Jean Toomer

10 Feb

While there has been much debate about today’s post subject there is no denying the impact that Jean Toomer has made on the literary landscape.

His most famous work is easily Cane, which was published in 1923. The work is “a series of vignettes” that combine poetry, prose, and dialogue.

Here’s one of the poems:

November Cotton Flower

Boll-weevil’s coming, and the winter’s cold,
Made cotton-stalks look rusty, seasons old,
And cotton, scarce as any southern snow,
Was vanishing; the branch, so pinched and slow,
Failed in its function as the autumn rake;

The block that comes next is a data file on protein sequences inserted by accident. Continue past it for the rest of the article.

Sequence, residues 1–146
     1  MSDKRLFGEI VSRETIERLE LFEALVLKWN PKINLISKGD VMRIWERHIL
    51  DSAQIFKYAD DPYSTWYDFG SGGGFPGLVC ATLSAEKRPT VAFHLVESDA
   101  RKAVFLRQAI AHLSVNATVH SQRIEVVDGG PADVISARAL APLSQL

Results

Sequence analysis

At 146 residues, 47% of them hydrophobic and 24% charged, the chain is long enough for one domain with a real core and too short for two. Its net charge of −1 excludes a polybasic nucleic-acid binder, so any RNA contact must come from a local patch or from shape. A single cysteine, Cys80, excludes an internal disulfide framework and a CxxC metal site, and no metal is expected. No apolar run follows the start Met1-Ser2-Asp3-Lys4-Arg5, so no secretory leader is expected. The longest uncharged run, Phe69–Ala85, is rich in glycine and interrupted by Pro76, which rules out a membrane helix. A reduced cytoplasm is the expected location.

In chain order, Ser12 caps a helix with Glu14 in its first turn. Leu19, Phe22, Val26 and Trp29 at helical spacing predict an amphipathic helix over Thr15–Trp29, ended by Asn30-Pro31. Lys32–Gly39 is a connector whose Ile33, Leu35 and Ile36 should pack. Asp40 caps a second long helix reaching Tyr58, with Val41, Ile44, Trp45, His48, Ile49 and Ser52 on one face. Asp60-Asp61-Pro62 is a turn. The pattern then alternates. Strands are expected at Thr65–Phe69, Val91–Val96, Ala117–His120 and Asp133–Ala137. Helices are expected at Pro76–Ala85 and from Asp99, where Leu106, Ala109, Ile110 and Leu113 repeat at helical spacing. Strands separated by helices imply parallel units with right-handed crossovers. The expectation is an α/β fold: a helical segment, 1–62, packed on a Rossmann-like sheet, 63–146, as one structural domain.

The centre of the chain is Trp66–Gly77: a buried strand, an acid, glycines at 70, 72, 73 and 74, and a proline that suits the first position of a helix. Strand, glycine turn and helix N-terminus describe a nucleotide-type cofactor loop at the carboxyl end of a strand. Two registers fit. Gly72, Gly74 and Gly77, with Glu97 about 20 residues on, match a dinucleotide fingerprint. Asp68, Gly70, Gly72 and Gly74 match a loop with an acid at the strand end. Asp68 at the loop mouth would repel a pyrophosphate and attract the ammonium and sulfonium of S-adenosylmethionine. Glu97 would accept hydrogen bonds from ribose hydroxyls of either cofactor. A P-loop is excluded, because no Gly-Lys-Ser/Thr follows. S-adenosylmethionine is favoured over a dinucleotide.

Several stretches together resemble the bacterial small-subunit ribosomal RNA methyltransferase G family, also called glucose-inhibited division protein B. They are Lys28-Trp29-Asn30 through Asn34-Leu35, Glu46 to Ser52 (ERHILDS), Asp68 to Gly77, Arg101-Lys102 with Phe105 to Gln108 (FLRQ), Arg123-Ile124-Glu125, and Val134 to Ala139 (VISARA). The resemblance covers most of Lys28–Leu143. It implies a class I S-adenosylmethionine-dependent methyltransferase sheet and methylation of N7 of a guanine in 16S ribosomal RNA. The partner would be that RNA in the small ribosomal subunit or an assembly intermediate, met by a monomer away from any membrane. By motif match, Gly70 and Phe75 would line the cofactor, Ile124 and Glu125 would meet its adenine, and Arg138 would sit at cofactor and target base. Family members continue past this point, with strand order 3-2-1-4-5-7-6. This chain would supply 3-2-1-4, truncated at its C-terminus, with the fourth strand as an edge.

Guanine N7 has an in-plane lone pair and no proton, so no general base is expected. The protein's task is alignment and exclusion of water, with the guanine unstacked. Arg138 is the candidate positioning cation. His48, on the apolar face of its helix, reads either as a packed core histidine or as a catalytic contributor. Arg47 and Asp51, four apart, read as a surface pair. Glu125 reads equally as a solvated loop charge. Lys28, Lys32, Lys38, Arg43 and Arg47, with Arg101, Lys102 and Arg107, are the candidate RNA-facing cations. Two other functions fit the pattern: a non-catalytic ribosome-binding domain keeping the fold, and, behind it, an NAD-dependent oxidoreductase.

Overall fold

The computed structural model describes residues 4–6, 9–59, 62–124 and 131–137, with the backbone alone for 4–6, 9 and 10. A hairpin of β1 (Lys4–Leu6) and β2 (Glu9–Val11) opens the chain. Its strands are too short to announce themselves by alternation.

Drouth fighting soil had caused the soil to take
All water from the streams; dead birds were found
In wells a hundred feet below the ground–
Such was the season when the flower bloomed.
Old folks were startled, and it soon assumed
Significance. Superstition saw
Something it had never seen before:
Brown eyes that loved without a trace of fear,
Beauty so sudden for that time of year.

Beautiful, huh? Check out more of his poems here.

Perspectives in American Literature has a wonderful biography as well as a listing of primary works and a bibliography.

The Beinecke Rare Book & Manuscript Library has a number of digital archived images, including photos and letters.

Doing a paper on Jean Toomer and looking for criticism? Check out these links to start.

Have you run across any Toomer-related sites that you think others would enjoy? Let us know in the comments.

* Portrait by Winold Reiss *

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